Walz, K., & Cooper, K., & Reid, B., & Baechle, C., & Akelian, C., & Alfano, K. (2022, August), Supervisory Controls and Data Acquisition Instructional Materials and Resources for Energy Education Programs Paper presented at 2022 ASEE Annual Conference & Exposition, Minneapolis, MN.


The CREATE Supervisory Controls and Data Acquisition (SCADA) project is an industry driven initiative brought about by three colleges, working with an industry utility partner. The project began in July 2019 with the goal of integrating 21st century SCADA technology into existing energy education programs. The project delivered both in-person and online faculty professional development for 28 faculty representing 17 U.S. states. Products produced and distributed through the project network include a SCADA job task analysis, curriculum modules, control board trainers and lab activities, computer-based labs, and a web based open-source SCADA platform. The SCADA open-source platform allows colleges to connect their renewable energy generating systems and provide analytical training to their students using their own data, along with data from other regions and simulation sets. This resource will foster student engagement and ownership of learning through generation, visualization, and analysis of long term and large data sets. This study demonstrates the value of collaboration between multiple academic institutions, and how educational programs can benefit from collaboration with industry partners…. READ MORE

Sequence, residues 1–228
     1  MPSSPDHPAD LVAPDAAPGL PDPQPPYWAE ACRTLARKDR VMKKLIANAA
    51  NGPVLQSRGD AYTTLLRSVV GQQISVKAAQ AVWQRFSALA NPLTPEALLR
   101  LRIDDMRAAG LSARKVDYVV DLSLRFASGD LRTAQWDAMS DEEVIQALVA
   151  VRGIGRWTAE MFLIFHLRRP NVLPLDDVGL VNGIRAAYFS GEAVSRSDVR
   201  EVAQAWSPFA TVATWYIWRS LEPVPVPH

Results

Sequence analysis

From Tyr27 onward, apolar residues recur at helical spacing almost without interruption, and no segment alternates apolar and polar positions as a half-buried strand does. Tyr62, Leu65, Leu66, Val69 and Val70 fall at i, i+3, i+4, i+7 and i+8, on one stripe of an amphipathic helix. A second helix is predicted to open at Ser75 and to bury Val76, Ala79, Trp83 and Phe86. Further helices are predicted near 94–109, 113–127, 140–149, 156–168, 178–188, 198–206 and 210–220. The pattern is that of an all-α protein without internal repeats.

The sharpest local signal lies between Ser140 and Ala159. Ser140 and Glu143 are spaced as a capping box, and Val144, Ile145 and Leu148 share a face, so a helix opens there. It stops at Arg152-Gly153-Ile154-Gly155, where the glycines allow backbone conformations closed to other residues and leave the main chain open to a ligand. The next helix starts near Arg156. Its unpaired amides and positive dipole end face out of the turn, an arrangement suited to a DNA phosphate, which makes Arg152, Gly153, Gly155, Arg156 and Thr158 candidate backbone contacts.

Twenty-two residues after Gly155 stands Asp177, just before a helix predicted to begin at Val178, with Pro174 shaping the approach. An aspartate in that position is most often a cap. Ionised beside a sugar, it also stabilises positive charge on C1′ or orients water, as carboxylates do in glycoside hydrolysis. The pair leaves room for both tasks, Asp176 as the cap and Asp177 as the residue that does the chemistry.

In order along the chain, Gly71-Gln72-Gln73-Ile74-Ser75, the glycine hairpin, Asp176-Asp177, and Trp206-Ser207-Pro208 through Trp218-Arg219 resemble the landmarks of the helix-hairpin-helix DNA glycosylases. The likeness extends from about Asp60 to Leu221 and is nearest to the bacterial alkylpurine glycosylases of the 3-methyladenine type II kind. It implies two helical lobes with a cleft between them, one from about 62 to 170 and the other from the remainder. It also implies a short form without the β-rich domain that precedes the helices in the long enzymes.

Walz, K., & Arquin, M., & Shoemaker, J., & Liddicoat, S., & Temple, G., & Alfano, K. (2022, August), Delivery and Impact of Virtual Teacher Professional Development Workshops Paper presented at 2022 ASEE Annual Conference & Exposition, Minneapolis, MN.


Over the past few years, education at all levels has been greatly disrupted by the COVID pandemic. For many schools, face-to-face interactions were reduced or restricted to only those activities that have been determined to be essential for student instruction. The pandemic has also had a great impact on teacher professional development programming, which traditionally has been delivered largely in face-to-face settings. This paper examines the implementation of a series of energy technology teacher professional development workshops that were delivered virtually using online meeting apps. The results of the workshops are presented including participant measures of learning gains, and feedback describing how faculty participants used the information gained to modify their curriculum and instruction. The discussion includes observations and recommended practices to promote the effective incorporation of tools and equipment for remotely delivered workshops… READ MORE